Zero Trust: the cybersecurity approach recommended by the NSA

The US National Security Agency (NSA) announced the publication of a guide for members of the cybersecurity community to learn the best techniques for protecting business networks and sensitive data with the implementation of a model dubbed as Zero Trust. This complex guide details the benefits that adopting this set of tactics might pose to system administrators today.

The adoption of the Zero Trust model is based on the premise that a security incident has occurred or that its occurrence is inevitable, so it proceeds to eliminate trust in systems, nodes and services, as well as implement continuous verification through information collected in real time. The NSA mentions that Zero Trust will allow system administrators to limit access and control how devices and users interact with information, mitigating the risk of credential abuse, remote exploitation, or internal threats.

In its message, the Agency adds that “systems operating with Zero Trust will have better methods to address detected threats, although the transition process to this new approach must be carried out with great care and planning.”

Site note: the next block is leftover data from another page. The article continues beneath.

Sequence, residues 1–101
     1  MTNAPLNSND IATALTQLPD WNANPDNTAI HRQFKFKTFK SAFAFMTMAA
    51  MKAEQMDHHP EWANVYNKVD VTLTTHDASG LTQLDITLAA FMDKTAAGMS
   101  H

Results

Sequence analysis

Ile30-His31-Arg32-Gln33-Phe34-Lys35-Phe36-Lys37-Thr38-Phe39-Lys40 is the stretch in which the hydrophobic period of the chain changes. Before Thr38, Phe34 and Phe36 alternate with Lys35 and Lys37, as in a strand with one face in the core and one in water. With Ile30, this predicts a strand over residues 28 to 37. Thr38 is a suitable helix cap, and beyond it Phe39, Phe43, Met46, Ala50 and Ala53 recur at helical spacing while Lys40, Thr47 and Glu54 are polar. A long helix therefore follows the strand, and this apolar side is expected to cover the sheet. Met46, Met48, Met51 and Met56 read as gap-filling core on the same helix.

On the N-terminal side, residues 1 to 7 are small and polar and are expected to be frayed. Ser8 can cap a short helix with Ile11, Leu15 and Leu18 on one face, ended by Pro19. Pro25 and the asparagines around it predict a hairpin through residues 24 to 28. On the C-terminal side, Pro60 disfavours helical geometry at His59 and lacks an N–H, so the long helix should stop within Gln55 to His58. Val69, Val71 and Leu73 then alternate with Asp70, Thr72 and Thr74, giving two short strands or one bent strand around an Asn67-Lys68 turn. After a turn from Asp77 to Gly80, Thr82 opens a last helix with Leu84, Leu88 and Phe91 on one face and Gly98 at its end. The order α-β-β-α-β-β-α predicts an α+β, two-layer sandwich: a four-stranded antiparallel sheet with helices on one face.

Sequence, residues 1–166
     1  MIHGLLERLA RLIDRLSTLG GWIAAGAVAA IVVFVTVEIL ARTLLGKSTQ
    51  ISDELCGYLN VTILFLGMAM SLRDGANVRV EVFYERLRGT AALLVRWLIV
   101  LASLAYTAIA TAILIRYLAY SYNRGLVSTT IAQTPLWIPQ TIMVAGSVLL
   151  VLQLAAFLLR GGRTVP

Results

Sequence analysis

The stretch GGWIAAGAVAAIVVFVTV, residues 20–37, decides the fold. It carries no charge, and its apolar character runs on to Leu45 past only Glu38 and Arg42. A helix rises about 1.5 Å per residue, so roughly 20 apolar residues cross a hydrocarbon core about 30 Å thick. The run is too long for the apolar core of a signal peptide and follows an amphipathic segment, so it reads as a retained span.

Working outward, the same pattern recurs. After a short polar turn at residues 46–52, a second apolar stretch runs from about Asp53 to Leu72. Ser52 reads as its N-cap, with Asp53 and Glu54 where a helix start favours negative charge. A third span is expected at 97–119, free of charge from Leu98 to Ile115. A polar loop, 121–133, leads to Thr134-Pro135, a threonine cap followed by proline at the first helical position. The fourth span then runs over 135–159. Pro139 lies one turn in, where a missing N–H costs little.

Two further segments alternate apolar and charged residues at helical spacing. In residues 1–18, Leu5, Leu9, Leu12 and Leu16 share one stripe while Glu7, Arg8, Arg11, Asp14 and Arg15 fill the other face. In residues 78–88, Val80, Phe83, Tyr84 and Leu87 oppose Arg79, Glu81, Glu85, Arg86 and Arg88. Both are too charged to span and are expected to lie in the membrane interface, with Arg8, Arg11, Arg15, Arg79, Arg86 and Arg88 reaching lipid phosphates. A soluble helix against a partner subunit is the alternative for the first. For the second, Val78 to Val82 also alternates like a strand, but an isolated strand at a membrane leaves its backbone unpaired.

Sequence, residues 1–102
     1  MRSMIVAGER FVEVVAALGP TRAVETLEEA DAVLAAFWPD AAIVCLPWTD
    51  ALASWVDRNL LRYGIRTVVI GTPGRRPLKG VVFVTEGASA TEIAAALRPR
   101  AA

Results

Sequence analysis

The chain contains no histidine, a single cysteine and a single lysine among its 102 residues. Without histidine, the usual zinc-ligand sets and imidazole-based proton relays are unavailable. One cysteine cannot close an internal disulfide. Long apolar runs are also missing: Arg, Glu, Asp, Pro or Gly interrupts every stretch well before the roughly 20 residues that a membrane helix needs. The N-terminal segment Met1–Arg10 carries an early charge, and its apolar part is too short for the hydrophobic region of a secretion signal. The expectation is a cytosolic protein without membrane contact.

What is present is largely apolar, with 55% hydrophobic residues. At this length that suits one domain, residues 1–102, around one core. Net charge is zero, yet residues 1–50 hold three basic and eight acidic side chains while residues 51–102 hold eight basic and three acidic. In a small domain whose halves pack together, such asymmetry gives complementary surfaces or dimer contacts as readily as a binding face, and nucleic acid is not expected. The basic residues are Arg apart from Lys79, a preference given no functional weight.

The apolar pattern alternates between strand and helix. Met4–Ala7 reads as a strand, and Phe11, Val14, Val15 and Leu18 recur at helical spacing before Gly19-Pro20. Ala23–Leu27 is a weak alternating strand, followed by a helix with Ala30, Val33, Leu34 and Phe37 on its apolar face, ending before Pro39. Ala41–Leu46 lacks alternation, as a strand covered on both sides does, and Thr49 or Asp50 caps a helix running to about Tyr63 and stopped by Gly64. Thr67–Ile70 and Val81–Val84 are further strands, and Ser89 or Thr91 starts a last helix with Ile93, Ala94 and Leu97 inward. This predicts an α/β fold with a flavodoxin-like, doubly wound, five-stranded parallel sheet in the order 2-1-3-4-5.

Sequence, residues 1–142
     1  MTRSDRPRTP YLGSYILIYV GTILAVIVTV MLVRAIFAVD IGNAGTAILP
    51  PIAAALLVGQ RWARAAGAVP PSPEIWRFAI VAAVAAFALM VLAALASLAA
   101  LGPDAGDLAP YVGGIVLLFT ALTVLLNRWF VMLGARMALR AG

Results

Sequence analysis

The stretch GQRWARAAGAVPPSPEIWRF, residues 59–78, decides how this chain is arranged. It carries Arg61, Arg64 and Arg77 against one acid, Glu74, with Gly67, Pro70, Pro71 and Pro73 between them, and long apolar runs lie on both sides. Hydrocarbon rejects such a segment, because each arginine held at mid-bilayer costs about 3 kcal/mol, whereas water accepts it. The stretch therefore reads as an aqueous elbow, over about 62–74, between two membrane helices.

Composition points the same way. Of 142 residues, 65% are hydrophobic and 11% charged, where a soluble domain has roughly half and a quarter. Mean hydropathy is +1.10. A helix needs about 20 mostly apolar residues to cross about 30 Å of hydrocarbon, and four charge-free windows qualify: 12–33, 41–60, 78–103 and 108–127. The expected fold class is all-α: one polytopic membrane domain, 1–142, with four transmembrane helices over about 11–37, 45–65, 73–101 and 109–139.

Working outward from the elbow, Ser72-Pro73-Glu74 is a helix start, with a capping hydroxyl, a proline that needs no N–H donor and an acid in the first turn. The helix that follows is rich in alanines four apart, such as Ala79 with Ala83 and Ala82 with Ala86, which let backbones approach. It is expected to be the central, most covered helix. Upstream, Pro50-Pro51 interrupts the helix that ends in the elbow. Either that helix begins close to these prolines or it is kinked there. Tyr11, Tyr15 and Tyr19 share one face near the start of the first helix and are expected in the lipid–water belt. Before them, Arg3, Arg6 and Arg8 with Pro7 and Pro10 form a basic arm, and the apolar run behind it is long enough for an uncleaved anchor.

This approach requires proactive system monitoring and management, advanced defensive capabilities, and assuming that critical resource requests can be malicious and accept as real all risks associated with critical resources for prompt incident response: “With Zero Trust, every user, application, device, and data flow is considered ‘untrusted’, so access is denied by default, resources are protected and operated on the assumption that they could have been compromised,” says the NSA.

The NSA concludes by mentioning that zero trust adoption involves defining mission outcomes, protecting data, assets, applications, and services, and securing paths, determining who needs access to these resources, creating control policies, and constantly searching for suspicious activity through complete system-wide visibility. The NSA also explains that implementing Zero Trust takes time and effort, and that additional capabilities are required to transition to a full Zero Trust architecture.

The adoption of Zero Trust would allow system administrators to stop malicious activities as soon as they are registered, blocking the malware’s ability to spread across the compromised network and mitigate the risks associated with the attack. To learn more about information security risks, malware variants, vulnerabilities and information technologies, feel free to access the International Institute of Cyber Security (IICS) website.